What Dating An Only Child Is Like, According To My Exes

The dumbest fight I’ve ever had with a significant other was about asparagus. On a sunny day in Los Angeles, I walked into my small kitchen to the smell of vegetables cooking. In front of the stove stood a man I thought I was falling in love with. And in front of him sat a bubbling pot of my asparagus (Cue: the voice of Ross from Friends saying “My sandwich!). I double-checked my fridge to confirm I’d been sleeping next to a thief. Then I ignored him for days.
A week later, he confronted me about my sulky silence. What’s wrong?” he asked. “You’ve been avoiding me for days."
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“You ate my asparagus!” I countered petulantly. In my defence, I wasn’t only mad about the asparagus — it was the channel through which I chose to air more serious concerns I had about the relationship. But four years later, I don’t remember what those issues were. I do remember the asparagus incident vividly, though.
I am an only child. I grew up in a home where no one took my food without asking, and I’m self-aware enough to admit that I’m selective about sharing. For a long time, I believed the crux of my asparagus fight was directly informed by my only childhood. But after texting all of my exes and hearing from over a dozen therapists, psychologists, researchers, and authors, I’ve learned it’s a little bit more complicated than that.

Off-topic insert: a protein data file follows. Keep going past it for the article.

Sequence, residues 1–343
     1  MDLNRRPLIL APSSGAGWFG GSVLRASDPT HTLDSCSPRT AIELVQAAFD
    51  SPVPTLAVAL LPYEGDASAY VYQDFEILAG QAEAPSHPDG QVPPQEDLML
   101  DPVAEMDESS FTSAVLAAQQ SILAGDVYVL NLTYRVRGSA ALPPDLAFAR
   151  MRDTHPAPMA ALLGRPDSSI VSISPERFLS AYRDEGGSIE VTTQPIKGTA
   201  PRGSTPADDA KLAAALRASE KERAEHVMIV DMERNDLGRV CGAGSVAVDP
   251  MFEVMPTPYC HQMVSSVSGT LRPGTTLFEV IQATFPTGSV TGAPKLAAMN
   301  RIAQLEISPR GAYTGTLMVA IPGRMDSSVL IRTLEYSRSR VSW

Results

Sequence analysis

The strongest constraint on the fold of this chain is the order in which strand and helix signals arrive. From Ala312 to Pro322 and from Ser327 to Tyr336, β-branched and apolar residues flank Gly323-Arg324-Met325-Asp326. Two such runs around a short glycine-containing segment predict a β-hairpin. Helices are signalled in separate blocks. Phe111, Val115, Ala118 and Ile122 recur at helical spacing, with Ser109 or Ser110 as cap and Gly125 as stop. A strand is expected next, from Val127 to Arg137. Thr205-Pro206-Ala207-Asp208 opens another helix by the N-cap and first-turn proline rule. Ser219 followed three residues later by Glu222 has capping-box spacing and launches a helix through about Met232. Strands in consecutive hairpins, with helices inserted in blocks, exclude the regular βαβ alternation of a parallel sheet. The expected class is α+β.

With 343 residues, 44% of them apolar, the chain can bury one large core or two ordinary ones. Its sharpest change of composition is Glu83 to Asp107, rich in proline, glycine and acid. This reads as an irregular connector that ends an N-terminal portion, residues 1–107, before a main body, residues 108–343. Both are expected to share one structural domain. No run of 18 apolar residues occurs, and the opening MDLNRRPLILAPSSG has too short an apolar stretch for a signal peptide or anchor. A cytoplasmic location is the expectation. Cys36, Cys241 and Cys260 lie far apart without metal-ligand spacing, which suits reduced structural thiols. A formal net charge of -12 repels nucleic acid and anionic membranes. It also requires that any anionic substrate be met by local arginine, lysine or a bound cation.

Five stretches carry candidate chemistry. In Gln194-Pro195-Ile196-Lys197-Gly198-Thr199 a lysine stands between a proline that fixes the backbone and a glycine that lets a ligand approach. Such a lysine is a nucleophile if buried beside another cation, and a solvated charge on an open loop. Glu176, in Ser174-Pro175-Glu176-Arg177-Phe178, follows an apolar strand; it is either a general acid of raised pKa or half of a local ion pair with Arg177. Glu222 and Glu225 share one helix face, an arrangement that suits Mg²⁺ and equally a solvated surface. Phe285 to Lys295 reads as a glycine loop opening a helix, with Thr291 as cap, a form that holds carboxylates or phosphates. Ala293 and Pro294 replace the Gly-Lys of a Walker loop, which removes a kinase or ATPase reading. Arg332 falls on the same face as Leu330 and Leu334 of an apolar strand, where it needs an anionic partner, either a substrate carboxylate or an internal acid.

The stereotypes that we’re selfish little balls of emotions, incorrigible narcissists, and independent to a fault aren’t really true.

Are only children the worst people you can date?
There are myriad theories out there about onlies like me and how we interact with the world. In 1907, G. Stanley Hall, the first president of the American Psychological Association said: “Being an only child is a disease in itself.” But there are also studies stating only children are more creative, flexible, and intelligent. So the stereotypes that we’re selfish little balls of emotions, incorrigible narcissists, and independent to a fault aren’t really true.
These assumptions can impact the relationships of only children — but not for the reasons you’d think. I’m not having relationship issues just because I’m an only child. The problems start when I blame all of my flaws on my sibling-less childhood. They also stem from my SOs drawing conclusions about me because I don’t have siblings, explains Lauren Sandler, journalist and author of One and Only: The Freedom of Having an Only Child and the Joy of Being One.